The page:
Dominion Theology

Dominion Theology
Dominion Theology
While evangelical Christians agree on expecting the Second Coming of Christ, they differ as to what they should do in the meantime. While some argue that in a fallen world, Christians must confine themselves to the saving of souls, others contend that it is their duty to seek to reform society’s institutions. In the late 1970s, the emergence of the Christian Right marked a considerable step forward for the latter argument.

But what this involved was far from clear. In part, it entailed a defense of the evangelical subculture against what was seen as a secular humanist conspiracy. But it also involved attempting to reverse recent legislative changes, particularly as regards abortion, and some in the Christian Right harbored more ambitious aspirations still.

The United States, they argued, had originated as a Christian nation and in the future its institutions should be based on the Bible. In arguing this, the more intransigent elements in the Christian Right were drawn to a range of theories about the relationship between God and government that are collectively known as Dominion theology.

The central biblical text for Dominionists is Genesis 1: 26–28, where God declares that man shall have dominion over all the earth. This is seen as directing believers to create both a Christian government and a Christian culture and has been particularly associated with a school of thought known as Reconstructionism.

Founded by a Presbyterian thinker, Rousas John Rushdoony, Reconstructionism argues for a free-market economy, the ending of government-provided education and welfare, and, most controversially, the restoration of Old Testament sanctions that will include the death penalty for murder, adultery, homosexuality, and incorrigible juvenile delinquency.

In 1965 Rushdoony founded Chalcedon Inc., subsequently the Chalcedon Foundation (named after a fifth-century church gathering), but it was not until the 1980s that Reconstructionism began to attract attention from within the broader Christian community. By this time, Rushdoony had broken with his son-in-law, Gary North, who would become a particularly prominent publicist for Reconstructionism through his Institute for Christian Economics and his authoring of a number of books.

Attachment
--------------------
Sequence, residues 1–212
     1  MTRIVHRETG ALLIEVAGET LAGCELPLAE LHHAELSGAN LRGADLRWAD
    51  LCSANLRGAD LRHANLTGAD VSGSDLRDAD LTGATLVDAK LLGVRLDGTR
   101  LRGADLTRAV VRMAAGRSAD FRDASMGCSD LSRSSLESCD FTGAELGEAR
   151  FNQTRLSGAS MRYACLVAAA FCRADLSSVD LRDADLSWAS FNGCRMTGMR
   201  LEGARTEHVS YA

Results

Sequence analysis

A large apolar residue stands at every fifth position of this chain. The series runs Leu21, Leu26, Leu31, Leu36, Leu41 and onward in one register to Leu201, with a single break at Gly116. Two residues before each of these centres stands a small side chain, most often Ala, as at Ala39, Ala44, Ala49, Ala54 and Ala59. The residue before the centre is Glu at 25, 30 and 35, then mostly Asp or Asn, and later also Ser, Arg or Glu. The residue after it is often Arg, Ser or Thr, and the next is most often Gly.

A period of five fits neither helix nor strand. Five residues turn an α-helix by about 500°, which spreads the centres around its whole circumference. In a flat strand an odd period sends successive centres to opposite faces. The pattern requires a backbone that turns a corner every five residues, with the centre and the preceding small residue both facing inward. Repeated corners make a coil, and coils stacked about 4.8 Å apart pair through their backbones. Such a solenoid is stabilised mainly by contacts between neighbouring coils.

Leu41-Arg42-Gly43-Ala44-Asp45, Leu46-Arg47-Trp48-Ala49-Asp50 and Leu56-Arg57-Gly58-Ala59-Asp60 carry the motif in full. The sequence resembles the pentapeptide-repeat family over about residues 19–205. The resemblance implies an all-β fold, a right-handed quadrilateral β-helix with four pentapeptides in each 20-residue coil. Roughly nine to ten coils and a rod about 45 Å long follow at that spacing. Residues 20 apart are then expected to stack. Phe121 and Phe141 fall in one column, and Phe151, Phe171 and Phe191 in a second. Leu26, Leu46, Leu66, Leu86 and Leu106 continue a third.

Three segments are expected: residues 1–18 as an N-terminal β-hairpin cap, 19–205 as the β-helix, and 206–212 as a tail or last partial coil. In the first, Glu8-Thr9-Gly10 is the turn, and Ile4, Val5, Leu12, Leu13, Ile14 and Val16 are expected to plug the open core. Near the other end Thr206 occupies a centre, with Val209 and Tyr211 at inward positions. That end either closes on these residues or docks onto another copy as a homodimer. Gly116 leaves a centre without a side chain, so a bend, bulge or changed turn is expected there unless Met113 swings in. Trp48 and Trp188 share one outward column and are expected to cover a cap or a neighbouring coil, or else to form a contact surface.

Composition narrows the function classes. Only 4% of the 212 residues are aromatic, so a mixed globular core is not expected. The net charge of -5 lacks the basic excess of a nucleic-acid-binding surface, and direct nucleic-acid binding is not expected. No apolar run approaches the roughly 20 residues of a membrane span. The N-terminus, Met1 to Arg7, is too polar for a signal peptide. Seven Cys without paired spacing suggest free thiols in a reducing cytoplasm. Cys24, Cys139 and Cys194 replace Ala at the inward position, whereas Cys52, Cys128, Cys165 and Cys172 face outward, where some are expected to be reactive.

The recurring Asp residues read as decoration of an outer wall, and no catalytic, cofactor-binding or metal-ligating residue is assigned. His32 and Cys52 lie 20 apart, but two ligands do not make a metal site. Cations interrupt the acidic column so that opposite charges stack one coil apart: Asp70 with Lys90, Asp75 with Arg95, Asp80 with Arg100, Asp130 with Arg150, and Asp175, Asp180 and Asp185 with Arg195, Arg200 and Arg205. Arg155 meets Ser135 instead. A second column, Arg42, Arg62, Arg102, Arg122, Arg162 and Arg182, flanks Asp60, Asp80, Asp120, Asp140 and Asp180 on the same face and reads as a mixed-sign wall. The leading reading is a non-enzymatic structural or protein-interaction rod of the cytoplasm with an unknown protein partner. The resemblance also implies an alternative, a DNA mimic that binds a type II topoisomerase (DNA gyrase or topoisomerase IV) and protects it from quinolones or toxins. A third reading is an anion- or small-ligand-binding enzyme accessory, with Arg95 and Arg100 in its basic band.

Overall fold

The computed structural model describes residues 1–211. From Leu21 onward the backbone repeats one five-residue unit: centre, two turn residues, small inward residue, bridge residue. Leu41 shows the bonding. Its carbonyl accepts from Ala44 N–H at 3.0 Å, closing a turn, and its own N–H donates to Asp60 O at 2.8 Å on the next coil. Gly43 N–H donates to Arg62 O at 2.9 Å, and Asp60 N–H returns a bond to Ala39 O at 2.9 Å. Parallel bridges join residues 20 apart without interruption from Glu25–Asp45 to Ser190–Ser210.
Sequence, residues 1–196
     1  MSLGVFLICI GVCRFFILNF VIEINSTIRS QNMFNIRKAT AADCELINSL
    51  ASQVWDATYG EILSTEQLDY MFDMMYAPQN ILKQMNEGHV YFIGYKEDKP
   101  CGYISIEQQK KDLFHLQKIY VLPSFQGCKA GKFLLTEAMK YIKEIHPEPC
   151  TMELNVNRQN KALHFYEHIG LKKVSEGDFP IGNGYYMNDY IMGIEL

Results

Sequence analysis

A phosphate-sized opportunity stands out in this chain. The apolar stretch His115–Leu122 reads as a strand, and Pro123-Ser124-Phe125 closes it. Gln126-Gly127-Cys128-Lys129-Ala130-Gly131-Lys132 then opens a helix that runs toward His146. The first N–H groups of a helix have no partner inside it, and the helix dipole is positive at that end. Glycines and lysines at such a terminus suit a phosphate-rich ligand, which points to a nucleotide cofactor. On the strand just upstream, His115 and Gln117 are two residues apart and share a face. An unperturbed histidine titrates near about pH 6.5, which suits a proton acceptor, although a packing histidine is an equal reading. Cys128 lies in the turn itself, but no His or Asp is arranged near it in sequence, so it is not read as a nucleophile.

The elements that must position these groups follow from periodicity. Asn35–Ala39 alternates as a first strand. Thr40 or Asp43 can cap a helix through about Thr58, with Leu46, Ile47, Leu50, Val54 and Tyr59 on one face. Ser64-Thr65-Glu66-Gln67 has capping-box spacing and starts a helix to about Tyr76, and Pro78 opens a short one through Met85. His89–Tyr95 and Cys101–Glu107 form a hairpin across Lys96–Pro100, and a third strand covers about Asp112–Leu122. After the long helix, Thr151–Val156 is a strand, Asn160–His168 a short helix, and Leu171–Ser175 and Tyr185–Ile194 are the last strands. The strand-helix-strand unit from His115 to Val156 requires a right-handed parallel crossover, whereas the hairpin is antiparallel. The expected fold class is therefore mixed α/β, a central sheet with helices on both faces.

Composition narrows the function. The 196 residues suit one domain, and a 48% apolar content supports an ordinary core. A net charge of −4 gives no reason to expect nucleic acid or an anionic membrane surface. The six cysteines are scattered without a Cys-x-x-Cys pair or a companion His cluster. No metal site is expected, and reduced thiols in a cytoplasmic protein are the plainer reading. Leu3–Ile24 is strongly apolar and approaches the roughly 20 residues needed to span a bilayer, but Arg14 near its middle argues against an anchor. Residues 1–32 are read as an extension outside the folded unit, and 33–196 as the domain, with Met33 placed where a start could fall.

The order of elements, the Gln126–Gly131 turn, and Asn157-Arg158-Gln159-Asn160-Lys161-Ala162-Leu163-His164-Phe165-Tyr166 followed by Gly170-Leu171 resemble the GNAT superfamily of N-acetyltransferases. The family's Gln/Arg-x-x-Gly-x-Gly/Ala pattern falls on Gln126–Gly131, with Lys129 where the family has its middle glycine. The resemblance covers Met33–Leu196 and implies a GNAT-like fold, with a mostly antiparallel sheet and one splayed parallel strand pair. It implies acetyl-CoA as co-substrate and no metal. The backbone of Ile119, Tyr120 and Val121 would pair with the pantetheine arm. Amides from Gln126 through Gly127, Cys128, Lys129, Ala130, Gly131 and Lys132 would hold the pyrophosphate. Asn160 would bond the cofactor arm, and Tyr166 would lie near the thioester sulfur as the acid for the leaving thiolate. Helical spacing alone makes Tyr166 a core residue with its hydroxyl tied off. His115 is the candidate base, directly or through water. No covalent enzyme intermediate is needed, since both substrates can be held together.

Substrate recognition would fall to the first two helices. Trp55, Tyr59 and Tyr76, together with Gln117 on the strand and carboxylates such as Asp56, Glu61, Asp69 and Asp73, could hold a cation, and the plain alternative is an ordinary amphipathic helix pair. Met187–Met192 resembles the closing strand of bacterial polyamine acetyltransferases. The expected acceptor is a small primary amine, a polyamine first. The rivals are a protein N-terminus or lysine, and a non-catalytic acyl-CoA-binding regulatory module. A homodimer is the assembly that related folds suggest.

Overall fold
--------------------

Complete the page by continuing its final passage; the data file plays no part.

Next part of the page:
A third figure, Gary DeMar, and his group, American Vision, were another crucial element in the movement, while a broader organization, the Coalition for Revival, was set up to bring together Reconstructionists with other adherents of Dominion theology.

Some members, unwilling to adopt the full Reconstructionist argument, resigned from the organization, and another dispute, which broke out at Pat Robertson’s Regent University Law School, led to the removal of its dean.

Tensions among Dominionists have emerged around a number of questions. Where Reconstructionism was particularly associated with Presbyterian churches, charismatic Christians (distinguished by their belief in “speaking in tongues” and divine healing) represented a different tradition.

There were differences, too, over how the so-called creation mandate found in Genesis related to the return of Christ. Most evangelicals believed in what was called premillennialism, that Christ’s return would precede the bringing about of Godly government and then a final battle with Satan. Reconstructionists, however, were postmillennialists, believing that they would come to power before the Second Coming.

Within this milieu, conspiracy thinking found a ready audience. Rushdoony himself was a supporter of the John Birch Society, while North wrote the epilogue to a conspiracist text by the John Birch Society author, Larry Abraham. Subsequently publishing a version under his own name, North declared that the enemies of the United States were “a conspiracy of super-rich and super-powerful insiders.” But behind them, he declared, was Satan himself.